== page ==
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Grapes of Faith
The Maundy Monday Newsletter - This Week in History April 17 - 23.
It’s another Maundy Monday, and I hope you all had a nice weekend. I spent it in Charleston, South Carolina, and discovered some fascinating history stories I can’t wait to share in the coming weeks.
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Do you listen to podcasts? Have any favorites? Do you listen for entertainment or to learn something? I don’t think those ideas are mutually exclusive; in fact, both concepts are the foundation for Okay History.
I’ve been listening to podcasts more and more lately. I usually walk along the National Mall a few days a week, listening and learning something I haven’t encountered, or stupid sports stuff, because I need that break.
About a year ago, I listened to this Business Wars podcast episode on the Gallo wine brothers. An essential aspect of the story involves the labor dispute in the 1960s, where grape pickers from the United Farmer Workers (UFW) Union and the Teamsters Union fought over the contract to pick grapes for the large distributor owned by the Gallo brothers.
The UFW was led by organizer Cesar Chavez, who died in his sleep on April 23, 1993, at age 66.
Chavez was born in Yuma, Arizona, in 1927. His grandfather crossed the border in Texas in 1898 and ran a successful business, which enabled him to purchase a farm in the Sarona Desert in 1906. Cesar grew up in a modest surrounding, with a family devoted to Catholicism, and worked the land.
His parents would go on to purchase a few buildings surrounding the farm, but unfortunately, they fell into debt and had to sell off the properties.
In 1929, Cesar and his family moved into a storeroom owned by his grandmother, who, when she died in 1937, the Yuma local government seized and auctioned off many buildings she owned to cover back taxes. Her house and land eventually ended up on the auction block two years later.
Young Chavez was galvanized after this experience. He determined that the white power structure of finance and government systems committed an injustice by taking what little they had worked for. The system was against the people.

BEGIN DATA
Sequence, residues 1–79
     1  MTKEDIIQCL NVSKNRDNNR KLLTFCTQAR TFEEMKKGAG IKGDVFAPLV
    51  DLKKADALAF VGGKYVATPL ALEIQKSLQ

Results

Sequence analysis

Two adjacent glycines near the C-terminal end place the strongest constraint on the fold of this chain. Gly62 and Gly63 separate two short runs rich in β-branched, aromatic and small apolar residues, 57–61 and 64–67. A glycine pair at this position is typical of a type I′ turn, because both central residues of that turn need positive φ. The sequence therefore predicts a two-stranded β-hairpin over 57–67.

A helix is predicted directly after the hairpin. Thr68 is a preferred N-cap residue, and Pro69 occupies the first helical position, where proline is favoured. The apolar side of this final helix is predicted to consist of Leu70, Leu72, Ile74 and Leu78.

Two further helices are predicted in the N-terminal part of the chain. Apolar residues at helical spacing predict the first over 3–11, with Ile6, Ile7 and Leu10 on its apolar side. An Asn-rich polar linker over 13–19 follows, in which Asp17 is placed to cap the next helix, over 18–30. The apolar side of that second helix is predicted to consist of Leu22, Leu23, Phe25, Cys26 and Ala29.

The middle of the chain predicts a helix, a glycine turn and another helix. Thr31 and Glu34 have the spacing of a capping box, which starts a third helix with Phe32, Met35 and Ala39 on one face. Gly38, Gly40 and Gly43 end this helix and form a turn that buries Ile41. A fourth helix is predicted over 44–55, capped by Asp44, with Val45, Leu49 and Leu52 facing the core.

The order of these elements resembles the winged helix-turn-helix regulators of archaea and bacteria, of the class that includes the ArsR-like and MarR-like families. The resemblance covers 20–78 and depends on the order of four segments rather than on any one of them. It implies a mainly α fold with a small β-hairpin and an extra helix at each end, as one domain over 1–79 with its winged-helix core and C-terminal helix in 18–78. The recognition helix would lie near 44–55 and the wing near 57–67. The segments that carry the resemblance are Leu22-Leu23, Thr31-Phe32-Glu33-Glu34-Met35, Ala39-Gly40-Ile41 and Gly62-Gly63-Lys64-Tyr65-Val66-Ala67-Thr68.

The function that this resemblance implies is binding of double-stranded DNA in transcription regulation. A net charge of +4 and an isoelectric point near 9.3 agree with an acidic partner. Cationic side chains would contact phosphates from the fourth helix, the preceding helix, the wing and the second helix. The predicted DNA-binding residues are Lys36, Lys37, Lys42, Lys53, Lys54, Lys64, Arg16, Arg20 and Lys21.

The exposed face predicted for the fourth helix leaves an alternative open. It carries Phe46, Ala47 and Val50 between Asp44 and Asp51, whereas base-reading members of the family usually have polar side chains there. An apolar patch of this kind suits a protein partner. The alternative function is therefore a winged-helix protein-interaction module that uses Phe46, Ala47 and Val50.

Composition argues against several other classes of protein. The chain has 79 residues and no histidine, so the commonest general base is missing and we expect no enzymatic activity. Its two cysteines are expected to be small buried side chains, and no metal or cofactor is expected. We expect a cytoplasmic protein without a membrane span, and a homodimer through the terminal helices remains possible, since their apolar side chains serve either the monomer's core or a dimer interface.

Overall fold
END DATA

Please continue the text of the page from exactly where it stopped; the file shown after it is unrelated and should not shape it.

As the Great Depression set in, the Chavez family moved to California to pick various fruits and vegetables. Cesar joined the Navy in 1944 and was honorably discharged in 1946 and relocated to Delano, where he returned to a life as an agricultural laborer.
In 1947, Chavez joined National Farm Labor Union, and throughout the early 50s, he was exposed to nonviolent protest movements by Indian Independence leader Mahatma Gandhi. He also grew inspiration from St. Francis Assisi, a 13th-century nobleman who gave up his inheritance to live among the poor. He meshed the ideas to form his own ideology of fasting and fighting against corporate power.
Driven by his faith that the poor are a source of moral good for society, Cesar rose in prominence for organizing workers. By the 1960s, he founded the National Farmer Workers Association, which would become United Farmer Workers, and in 1965 would begin the boycott clash that I listened to on the Business Wars podcast.
Chavez was able to secure higher wages and the right to unionize. Over the next two decades, Cesar became an icon in the worker movement, using protests, hunger strikes, and boycotts to achieve his goals. In 1994, President Clinton awarded him a posthumous Presidential Medal of Freedom, the nation’s highest civilian award.
Okay, let's highlight what else happened this week. Here's what I got:
1. London Bridge was sold to an American on April 18, 1968. As the nursery rhyme says, the bridge was falling down. Then rich guy Robert McCulloch bought all 10,000 tons of bricks for $2.5M and rebuilt it in Arizona. It’s a good thing we don’t tax these people more.
2. The Senate voted to sell Panama its Canal on April 18, 1978. In 1903 the US was authorized to build the Canal and completed the job in 1914. President Jimmy Carter pushed for treaties to be signed so Panama could gain control, which it did in 1999. I listened to an excellent podcast about the difficulties of building the Canal, but I can’t remember it. I think it was another Business Wars episode.
3. The siege on Waco began on April 19, 1993. As I mentioned a few weeks ago, 51 days had passed before federal agents descended onto the Branch Davidians Compound. Recently, President Last Ranked paid a visit to celebrate the conspiracy theorists and vow retribution against his enemies.
Cesar Chavez is someone that I admire greatly. Faith and works, foundations of the Catholic faith Chavez was so devoted to, are positive examples of what religion can do to achieve social justice for others. I still can’t believe that the phrase social justice is a bad thing, particularly among a particular set of Christians. What are we doing here, people?
One of the things I came across when researching Chavez was how he pushed the United States Conference of Bishops to approve the Constitution of the UFW. He had a private audience with Pope Paul VI, who publicly supported Chavez’s work for the migrant workers. Priests, nuns, and other clergy joined protests to increase wages and improve working conditions. I won’t get into it today, but I can promise you that the USCB doesn’t share Chavez’s ideas today.
I’m running an introduction sale until Memorial Day. If you are interested in unique history topics, then Even More Okay may be for you.
I hope everyone has a wonderful week, and I’ll talk to you soon.